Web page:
August 31, 2017
Reading Comprehension and Down Syndrome Subject of SEC Faculty Travel Visit
By: Bryant Welbourne
SECU (Twitter: @TheSECU)
Reading opens a world of opportunities. Whether for business or entertainment, reading helps us be more independent and stimulates the mind. While we may not think of the cognitive processes that take place while we read, the brain puts in quite a bit of work to understand a series of words that are grouped together. But this is a difficult mental task for those who have Down syndrome.
As part of the SEC Faculty Travel Program, Dr. Susan Loveall-Hague, Assistant Professor of Communications Sciences and Disorders at the University of Mississippi, met several times with Dr. Fran Conners, Professor and Chair of the Department of Psychology at the University of Alabama, to collaborate on a National Institutes of Health (NIH) grant proposal that will examine the strengths and weaknesses of reading skills possessed by individuals with Down syndrome.
“Many people inaccurately assume that people with Down syndrome can’t read, and that’s not true,” said Dr. Loveall-Hague. “Unfortunately, there isn’t a lot of research indicating the best methods to teach them how to read. My visits with Dr. Conners allowed us to outline the proposal on reading comprehension and select the grant-funding organization.”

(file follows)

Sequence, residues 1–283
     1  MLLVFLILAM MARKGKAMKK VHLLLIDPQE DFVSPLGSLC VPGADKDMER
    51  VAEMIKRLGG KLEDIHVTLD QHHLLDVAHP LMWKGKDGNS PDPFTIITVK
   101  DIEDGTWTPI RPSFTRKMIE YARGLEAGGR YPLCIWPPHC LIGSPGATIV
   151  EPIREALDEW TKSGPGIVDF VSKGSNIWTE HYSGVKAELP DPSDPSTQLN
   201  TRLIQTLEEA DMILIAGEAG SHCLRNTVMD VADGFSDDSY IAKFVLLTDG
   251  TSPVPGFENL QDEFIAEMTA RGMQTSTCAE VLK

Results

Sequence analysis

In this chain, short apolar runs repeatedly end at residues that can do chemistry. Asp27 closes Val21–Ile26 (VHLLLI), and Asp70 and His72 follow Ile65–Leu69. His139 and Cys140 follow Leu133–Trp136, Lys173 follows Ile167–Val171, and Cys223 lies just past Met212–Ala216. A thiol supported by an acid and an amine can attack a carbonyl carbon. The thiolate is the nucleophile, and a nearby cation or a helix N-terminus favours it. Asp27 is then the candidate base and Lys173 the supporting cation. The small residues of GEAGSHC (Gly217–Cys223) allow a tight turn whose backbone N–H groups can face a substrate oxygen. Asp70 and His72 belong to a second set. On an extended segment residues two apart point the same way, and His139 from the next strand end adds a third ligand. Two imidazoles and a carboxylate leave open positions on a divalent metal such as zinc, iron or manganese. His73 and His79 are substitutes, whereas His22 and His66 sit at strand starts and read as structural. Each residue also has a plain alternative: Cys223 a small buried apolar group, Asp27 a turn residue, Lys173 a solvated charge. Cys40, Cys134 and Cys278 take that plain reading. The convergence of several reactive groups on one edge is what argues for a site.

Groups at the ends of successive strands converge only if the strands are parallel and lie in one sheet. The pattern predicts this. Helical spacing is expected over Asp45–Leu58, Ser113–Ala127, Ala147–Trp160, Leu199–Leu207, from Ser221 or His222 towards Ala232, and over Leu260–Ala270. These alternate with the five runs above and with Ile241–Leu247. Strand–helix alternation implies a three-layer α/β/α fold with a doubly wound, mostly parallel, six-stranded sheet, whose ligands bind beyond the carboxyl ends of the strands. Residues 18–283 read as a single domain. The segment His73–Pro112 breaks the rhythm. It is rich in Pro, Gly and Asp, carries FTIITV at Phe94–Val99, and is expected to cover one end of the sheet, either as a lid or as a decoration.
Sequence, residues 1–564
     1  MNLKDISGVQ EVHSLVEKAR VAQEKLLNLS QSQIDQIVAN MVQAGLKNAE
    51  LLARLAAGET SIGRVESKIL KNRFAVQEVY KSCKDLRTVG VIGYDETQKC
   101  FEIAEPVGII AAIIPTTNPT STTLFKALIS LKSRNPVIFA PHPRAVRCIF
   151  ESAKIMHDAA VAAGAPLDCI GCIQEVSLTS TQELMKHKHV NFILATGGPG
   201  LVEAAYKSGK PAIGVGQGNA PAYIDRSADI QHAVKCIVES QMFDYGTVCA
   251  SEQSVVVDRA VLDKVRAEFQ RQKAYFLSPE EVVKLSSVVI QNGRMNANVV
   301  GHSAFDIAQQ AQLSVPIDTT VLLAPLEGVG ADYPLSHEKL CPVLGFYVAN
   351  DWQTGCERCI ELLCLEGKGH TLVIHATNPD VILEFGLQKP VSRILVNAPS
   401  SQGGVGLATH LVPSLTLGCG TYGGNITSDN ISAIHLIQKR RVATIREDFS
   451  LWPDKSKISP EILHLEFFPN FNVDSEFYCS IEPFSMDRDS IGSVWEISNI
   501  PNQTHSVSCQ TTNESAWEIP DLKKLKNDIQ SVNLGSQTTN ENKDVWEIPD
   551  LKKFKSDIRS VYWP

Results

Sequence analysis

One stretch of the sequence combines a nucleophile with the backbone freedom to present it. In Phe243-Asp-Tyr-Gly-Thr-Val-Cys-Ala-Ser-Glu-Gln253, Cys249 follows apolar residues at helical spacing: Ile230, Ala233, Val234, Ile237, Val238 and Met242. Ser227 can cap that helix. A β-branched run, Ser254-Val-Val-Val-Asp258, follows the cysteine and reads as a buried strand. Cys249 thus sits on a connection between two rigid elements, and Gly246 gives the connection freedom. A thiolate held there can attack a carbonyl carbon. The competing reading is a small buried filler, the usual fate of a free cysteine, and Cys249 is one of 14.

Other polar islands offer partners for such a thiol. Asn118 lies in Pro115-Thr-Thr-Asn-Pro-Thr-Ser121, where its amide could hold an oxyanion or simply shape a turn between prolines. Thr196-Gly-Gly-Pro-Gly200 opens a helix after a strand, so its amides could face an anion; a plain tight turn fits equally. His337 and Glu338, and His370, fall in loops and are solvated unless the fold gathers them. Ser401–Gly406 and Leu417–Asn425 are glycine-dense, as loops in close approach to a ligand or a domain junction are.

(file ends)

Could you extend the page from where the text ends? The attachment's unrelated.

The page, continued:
The proposal, which will be submitted in October, will look at the cognitive and linguistic profiles of those with Down syndrome and compare their reading comprehension patterns to those who don’t have Down syndrome. The goal is to understand the problematic areas of those who have Down syndrome so they can eventually improve their comprehension skills through intervention.
“Researchers have found that those who have Down syndrome are very capable of identifying words, but they struggle at putting them together and understanding the context of sentences,” said Dr. Conners. “We want to study their syntax because that feeds into comprehension.”
Aside from the research, the SEC visits were also a reunion for Dr. Loveall-Hague and Dr. Conners. Dr. Loveall-Hague, who considers herself a new investigator, was a Ph.D. student of Dr. Conners’ at Alabama before joining the Ole Miss faculty in 2015.
“This was an opportunity for someone who is more established to collaborate with someone who is getting started,” said Dr. Conners. “The process of writing a grant can be very tough, and I’m glad I could help Susan because she was one of my favorite students.”
Dr. Loveall-Hague’s and Dr. Conners’ visits were supported by the SEC Faculty Travel Program, which is administered by SECU, the academic initiative of the Southeastern Conference. The SEC supports and promotes the academic endeavors of the students and faculty at its 14 member institutions.
“I can’t stress enough how helpful it was to work with Fran in person on this grant application,” said Dr. Loveall-Hague. “As a researcher, it’s great to know that the SEC is behind us and supports what we want to do.”